Somalia: Getting in Front of the Story

03/01/2009 05:12 am ET | Updated May 25, 2011

It's been 194 years since Commodore Steven Decatur forced the Barbary pirates to sign a treaty guaranteeing that they would no longer attack American ships. Now, almost 200 years later, it looks like we may have to pay tribute again, and somebody's going to be blamed for it. Cruise ships and oil tankers are already paying off Somali pirates for safe passage into the Red Sea, and the next ship they get may be one of ours. If that happens, it will be the fault of George W. Bush, but unless Barack Obama gets out in front of the story before it occurs, he's likely to be blamed for it.

Remember how the Bush administration tried, and partially succeeded, at blaming 9/11 on Bill Clinton -- it's all a matter of spin. Get your talking heads on television before the other guy does, slant the story your way, and maybe the American public will let you off the hook.

President Bush has managed to dodge the Somalia problem for eight years. From 2000-2006, while Islamic fundamentalist Arab groups were slowly seizing control of Somalia, he did nothing. Then, in 2006, when it became apparent that they were about to take over the country, he arranged for our Ethiopian surrogates to send just enough troops into Somalia to prevent total disaster. The Islamists continued to dominate much of the country, but, thanks to Ethiopian troops, Mogadishu, the country's capital, and Baidoa, its most important port, remained under the control of a moderate interim government.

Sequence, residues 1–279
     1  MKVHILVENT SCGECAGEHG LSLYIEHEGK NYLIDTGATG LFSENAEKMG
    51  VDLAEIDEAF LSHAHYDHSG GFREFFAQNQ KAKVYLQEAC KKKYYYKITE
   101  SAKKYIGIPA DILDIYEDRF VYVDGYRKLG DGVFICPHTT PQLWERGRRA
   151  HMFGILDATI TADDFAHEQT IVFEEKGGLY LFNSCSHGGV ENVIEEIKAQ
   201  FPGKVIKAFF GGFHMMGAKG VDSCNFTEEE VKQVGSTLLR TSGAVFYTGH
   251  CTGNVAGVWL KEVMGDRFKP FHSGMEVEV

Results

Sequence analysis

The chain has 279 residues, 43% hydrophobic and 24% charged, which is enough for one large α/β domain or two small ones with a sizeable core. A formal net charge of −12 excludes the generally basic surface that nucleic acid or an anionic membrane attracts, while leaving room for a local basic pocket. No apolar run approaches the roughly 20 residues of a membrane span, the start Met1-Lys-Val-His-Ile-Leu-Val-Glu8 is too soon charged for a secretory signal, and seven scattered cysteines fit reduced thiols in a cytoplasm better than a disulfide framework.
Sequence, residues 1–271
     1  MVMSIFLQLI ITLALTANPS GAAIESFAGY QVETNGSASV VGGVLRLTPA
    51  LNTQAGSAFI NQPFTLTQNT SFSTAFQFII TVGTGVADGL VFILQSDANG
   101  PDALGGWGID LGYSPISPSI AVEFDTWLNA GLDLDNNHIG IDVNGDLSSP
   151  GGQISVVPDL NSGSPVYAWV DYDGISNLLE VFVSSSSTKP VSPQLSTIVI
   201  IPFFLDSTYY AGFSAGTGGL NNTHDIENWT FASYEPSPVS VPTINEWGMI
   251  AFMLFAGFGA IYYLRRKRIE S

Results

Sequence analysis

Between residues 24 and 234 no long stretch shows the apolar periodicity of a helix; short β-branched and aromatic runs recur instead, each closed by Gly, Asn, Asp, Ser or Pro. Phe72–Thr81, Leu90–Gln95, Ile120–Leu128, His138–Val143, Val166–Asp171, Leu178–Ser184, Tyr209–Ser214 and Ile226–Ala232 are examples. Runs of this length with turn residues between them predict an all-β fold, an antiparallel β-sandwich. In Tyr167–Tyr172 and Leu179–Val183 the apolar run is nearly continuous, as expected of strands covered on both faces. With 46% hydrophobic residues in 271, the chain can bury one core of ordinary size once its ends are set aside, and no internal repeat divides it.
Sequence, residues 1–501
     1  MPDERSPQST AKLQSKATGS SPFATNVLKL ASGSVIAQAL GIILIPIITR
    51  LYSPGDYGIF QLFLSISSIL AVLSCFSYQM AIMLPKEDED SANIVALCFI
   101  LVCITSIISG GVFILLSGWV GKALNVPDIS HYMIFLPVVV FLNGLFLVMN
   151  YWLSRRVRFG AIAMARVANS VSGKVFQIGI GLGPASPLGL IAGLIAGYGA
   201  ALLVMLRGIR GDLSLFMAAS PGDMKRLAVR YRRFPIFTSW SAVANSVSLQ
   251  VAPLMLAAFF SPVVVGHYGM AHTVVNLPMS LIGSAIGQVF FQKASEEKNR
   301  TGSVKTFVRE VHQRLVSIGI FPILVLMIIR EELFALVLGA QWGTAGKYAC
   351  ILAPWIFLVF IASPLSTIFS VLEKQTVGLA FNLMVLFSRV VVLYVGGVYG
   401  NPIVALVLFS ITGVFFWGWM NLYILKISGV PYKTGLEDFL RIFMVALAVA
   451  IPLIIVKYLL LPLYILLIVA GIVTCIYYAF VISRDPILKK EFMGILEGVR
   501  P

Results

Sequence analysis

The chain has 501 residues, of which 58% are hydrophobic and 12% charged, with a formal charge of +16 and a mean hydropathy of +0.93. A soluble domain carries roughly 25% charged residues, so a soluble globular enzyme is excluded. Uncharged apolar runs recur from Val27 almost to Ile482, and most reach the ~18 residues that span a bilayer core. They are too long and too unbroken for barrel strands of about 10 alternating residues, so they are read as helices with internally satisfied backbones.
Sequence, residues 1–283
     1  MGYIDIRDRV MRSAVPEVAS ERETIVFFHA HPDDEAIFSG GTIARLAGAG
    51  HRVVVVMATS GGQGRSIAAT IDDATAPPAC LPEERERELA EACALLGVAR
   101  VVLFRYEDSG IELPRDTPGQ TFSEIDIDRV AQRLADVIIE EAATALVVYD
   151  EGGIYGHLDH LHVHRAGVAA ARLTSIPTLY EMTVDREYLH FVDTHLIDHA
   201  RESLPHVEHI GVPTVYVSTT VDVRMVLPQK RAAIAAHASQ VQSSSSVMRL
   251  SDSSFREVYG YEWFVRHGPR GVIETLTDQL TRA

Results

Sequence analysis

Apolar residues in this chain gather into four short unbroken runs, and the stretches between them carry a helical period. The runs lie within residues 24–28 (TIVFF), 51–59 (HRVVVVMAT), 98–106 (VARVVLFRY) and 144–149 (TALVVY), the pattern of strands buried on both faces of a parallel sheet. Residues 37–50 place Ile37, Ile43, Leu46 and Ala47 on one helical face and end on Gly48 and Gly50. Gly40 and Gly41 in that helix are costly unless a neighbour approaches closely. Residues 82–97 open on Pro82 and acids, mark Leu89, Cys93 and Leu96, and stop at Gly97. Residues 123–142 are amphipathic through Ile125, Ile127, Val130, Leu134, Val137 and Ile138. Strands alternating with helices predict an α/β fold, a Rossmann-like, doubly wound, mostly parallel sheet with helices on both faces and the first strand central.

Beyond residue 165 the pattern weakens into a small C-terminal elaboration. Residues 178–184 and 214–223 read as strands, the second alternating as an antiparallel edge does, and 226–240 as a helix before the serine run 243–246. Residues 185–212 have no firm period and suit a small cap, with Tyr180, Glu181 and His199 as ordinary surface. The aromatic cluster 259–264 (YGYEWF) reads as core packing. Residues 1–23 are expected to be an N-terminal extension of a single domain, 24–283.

Last month, after our Presidential election but before the Inauguration, Bush told the Ethiopians it was okay for them to go home, and, if you've been reading this space over the last two weeks you know what's happened since. As of now, it seems as if Al-Shabab, a group linked by some to Al-Qaeda, and on the US terrorist list, is likely to take over. Somebody's going to be blamed for it, and it won't be pretty. Those of you who remember "who lost China?" will expect, as I do, a considerable uproar over "who lost Somalia", and the Right will accuse Obama of weakness, if not treachery.

At this point, it's time for the Obama press machine to get out in front of the story; empower Robert Gibbs to brief the Washington press corps, get his side of the story out first, and make sure the world realizes that it's one more mess the Bush administration left on the White House doorstep. If America ever has to pay tribute to Somali pirates, the President will never be forgiven. So, it's better to warn America about what may happen, than to apologize for letting it happen. President Bush never found his Steven Decatur, President Obama should find one. That's how you get out in front of a story.